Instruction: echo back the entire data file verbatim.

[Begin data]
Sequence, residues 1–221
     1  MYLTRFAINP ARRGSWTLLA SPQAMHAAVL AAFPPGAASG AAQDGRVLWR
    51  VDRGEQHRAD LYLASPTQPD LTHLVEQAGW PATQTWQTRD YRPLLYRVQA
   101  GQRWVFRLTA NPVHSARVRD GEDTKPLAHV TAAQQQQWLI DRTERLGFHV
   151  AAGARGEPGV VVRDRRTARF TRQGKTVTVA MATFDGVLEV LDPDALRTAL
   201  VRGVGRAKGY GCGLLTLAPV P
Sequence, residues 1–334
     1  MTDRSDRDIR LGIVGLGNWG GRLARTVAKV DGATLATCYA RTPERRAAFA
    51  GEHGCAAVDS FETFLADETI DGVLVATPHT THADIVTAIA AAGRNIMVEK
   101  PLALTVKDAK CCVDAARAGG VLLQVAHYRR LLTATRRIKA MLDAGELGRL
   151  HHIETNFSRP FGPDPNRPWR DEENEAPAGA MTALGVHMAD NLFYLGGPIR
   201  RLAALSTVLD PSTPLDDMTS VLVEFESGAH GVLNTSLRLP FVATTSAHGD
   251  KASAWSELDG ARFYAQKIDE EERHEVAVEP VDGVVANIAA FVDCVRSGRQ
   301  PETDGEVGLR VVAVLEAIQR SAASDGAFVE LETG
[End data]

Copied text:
Sequence, residues 1–221
     1  MYLTRFAINP ARRGSWTLLA SPQAMHAAVL AAFPPGAASG AAQDGRVLWR
    51  VDRGEQHRAD LYLASPTQPD LTHLVEQAGW PATQTWQTRD YRPLLYRVQA
   101  GQRWVFRLTA NPVHSARVRD GEDTKPLAHV TAAQQQQWLI DRTERLGFHV
   151  AAGARGEPGV VVRDRRTARF TRQGKTVTVA MATFDGVLEV LDPDALRTAL
   201  VRGVGRAKGY GCGLLTLAPV P
Sequence, residues 1–334
     1  MTDRSDRDIR LGIVGLGNWG GRLARTVAKV DGATLATCYA RTPERRAAFA
    51  GEHGCAAVDS FETFLADETI DGVLVATPHT THADIVTAIA AAGRNIMVEK
   101  PLALTVKDAK CCVDAARAGG VLLQVAHYRR LLTATRRIKA MLDAGELGRL
   151  HHIETNFSRP FGPDPNRPWR DEENEAPAGA MTALGVHMAD NLFYLGGPIR
   201  RLAALSTVLD PSTPLDDMTS VLVEFESGAH GVLNTSLRLP FVATTSAHGD
   251  KASAWSELDG ARFYAQKIDE EERHEVAVEP VDGVVANIAA FVDCVRSGRQ
   301  PETDGEVGLR VVAVLEAIQR SAASDGAFVE LETG